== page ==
|HCV, Are doctors hiding the past?
Oct 28, 2002
I am a baby-boomer who was diagnosed with HCV during childhood. Back then it was termed Non-A, Non-B and many medical professionals knew little of it.
Today, many people will stereotype you as a druggie or homosexual male the second they learn of your infection. I even had a lab technician this year make a nasty remark to me. She had just met me and knew nothing about my history or me, other than I was HCV. I was flabbergasted that a medical professional could be so ignorant and verbally venomous simultaneously. It hurts emotionally when these things happen.
I'm not a drug user nor I am a homosexual male. I am a heterosexual male, however, I must disregard the feasibility sexual transmission as I was diagnosed as a child. I have never had a blood transfusion and my mother is HCV negative, therefore my condition is not congenital. I was frustrated and baffled as to how my infection occurred. So I began a personal crusade to discover the source of my HCV infection. I didnt have to look very far.
When I was very young, my twin brother and I always went to the Doctor together. We always received our shots from steel and glass syringes that were stored in alcohol filled jars. All patients received shots with reused needles from the same jars.
Dr. Dieterich, The reason Im writing to you is this. You posted a response on Jun 16, 2000 regarding Hepatitis transmission. In your response you stated, "Hepatitis C is usually spread by blood, the most common way is through shared needles used for drug abuse. However in the past transfusions and reused needles in foreign countries often were at fault.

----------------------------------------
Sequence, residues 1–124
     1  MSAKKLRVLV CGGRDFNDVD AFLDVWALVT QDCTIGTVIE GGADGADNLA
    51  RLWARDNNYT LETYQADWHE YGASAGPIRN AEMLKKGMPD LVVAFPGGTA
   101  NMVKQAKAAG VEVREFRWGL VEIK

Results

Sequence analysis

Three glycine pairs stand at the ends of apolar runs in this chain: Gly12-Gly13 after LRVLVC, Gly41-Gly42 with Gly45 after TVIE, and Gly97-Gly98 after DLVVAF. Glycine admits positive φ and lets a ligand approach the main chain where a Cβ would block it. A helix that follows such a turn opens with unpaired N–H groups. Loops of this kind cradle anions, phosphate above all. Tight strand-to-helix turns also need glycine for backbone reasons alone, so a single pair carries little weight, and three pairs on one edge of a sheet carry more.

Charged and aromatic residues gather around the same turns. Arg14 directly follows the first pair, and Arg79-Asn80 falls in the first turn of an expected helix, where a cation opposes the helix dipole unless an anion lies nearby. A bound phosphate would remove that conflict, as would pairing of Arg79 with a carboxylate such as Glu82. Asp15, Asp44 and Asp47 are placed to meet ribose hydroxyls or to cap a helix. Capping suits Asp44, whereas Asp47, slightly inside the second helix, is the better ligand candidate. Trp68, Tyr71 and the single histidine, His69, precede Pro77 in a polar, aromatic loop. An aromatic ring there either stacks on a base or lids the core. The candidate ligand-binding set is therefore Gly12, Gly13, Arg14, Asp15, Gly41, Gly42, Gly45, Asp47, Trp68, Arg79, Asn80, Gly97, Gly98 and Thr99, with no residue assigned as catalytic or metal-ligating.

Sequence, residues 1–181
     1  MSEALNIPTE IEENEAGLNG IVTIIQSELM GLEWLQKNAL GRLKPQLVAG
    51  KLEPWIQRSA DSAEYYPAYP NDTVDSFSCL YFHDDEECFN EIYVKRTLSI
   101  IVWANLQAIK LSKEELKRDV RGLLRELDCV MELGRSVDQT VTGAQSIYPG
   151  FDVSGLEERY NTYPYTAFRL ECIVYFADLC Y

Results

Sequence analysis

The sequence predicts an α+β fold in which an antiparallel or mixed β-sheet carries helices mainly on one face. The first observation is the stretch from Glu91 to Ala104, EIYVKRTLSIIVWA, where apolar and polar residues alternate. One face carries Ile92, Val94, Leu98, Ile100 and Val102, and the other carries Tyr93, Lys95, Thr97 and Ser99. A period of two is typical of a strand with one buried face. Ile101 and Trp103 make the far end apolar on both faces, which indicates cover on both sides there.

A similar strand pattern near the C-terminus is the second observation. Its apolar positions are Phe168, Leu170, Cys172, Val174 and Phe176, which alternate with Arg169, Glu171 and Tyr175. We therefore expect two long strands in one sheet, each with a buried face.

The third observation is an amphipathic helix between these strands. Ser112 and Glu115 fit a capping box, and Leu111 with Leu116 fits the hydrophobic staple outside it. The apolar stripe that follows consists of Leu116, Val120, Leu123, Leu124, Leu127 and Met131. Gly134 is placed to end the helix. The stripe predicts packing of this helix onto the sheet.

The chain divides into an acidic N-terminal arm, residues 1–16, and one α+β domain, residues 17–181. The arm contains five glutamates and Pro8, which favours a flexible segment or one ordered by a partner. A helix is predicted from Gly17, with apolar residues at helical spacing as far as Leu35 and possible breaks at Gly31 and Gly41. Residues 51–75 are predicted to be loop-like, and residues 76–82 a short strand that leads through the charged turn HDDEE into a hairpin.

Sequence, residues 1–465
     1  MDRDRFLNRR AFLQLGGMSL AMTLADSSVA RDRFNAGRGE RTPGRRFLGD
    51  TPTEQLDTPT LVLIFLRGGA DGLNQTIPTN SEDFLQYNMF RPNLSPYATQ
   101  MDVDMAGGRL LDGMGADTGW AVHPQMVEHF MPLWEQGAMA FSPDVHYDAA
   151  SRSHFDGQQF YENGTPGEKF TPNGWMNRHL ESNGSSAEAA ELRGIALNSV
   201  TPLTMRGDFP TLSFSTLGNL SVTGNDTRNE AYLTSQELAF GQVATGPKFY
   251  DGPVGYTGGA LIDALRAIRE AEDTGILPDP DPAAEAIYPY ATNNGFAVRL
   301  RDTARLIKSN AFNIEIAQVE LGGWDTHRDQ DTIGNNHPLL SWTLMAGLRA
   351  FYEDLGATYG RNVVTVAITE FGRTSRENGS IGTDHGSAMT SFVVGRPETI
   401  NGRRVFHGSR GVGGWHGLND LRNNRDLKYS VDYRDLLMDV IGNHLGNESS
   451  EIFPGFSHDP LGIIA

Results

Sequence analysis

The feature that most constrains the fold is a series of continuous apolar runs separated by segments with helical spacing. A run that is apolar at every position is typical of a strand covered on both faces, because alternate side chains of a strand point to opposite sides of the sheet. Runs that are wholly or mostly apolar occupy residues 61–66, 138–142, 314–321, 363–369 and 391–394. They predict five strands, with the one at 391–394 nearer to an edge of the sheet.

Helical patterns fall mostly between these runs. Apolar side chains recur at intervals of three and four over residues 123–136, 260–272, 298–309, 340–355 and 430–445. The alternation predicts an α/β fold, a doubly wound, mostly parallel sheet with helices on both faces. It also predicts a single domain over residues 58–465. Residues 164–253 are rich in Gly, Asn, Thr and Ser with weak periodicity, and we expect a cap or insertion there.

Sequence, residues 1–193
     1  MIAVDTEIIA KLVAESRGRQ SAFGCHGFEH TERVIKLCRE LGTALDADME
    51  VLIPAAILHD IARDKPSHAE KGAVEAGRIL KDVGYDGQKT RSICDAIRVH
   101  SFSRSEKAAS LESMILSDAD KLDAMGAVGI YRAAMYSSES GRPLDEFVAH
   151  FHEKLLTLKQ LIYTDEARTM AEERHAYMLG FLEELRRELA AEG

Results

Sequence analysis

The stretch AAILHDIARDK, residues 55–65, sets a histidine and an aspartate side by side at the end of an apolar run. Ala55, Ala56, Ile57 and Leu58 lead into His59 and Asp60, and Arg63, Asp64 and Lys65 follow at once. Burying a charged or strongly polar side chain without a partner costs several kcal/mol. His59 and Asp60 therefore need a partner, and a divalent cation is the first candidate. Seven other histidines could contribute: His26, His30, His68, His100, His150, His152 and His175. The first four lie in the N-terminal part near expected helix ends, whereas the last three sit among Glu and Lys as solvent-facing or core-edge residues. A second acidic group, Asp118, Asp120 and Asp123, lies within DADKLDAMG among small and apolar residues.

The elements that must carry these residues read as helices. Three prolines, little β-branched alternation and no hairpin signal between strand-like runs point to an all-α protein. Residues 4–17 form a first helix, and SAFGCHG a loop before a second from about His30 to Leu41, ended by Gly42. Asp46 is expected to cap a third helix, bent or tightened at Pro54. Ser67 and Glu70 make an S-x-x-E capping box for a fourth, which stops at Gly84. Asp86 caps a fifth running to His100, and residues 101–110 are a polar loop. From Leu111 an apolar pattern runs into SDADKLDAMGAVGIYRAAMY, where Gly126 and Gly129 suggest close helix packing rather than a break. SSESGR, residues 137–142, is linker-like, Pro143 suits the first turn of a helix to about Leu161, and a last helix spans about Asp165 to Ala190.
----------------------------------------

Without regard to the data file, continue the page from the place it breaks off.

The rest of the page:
Dr. Dieterich, for the life of me I cant understand why you would use the words in foreign countries. As a professional you are well aware that this was a common and widespread practice here in the United States. If you deny this I would be forced to call your bluff for I have discussed this with many in your profession. One of which, heads up the research team on HCV for one of the largest Medical centers in our nation. He concurs with me regarding the faults of theses past procedures and informed me that this was most likely the source of my infection. Since my twin brother is also HCV positive, its practically a shoe-in.
Why you would try and suppress facts of this nature? This hints of an ulterior motive. You wouldnt want to become the Ken Lay of Enron for the medical world, would you? Im sorry if I come across as harsh. I dont mean to but its just that people like us suffer the wraths of the ignorant, because of reports like this. Its no fun to be ostracized due to no fault of your own. Please, in the future, give all of the facts. It would mean a lot to so many people.
Kind Regards, R. Smith Houston, Texas
Response from Dr. Dieterich
Dear Mr. Smith, You make a good point. I agree that reused needles are an important method of transmission and it does not matter what country they are reused in. Of course it could happen in the US especially back in those times when needles were re used. I also have had hepatitis C myself and suffered those same discriminatory actions by health care professionals. I got mine from a needlestick as an intern. One would think that healthcare professionals who are at risk for this themselves would be more sensitive to patients. They are human too and not always perfect. At any rate I have been treated and cured and have been PCR negative for 4 years now. You should consider that yourself if it is appropriate. Thanks for bringing up the point and good luck! DTD
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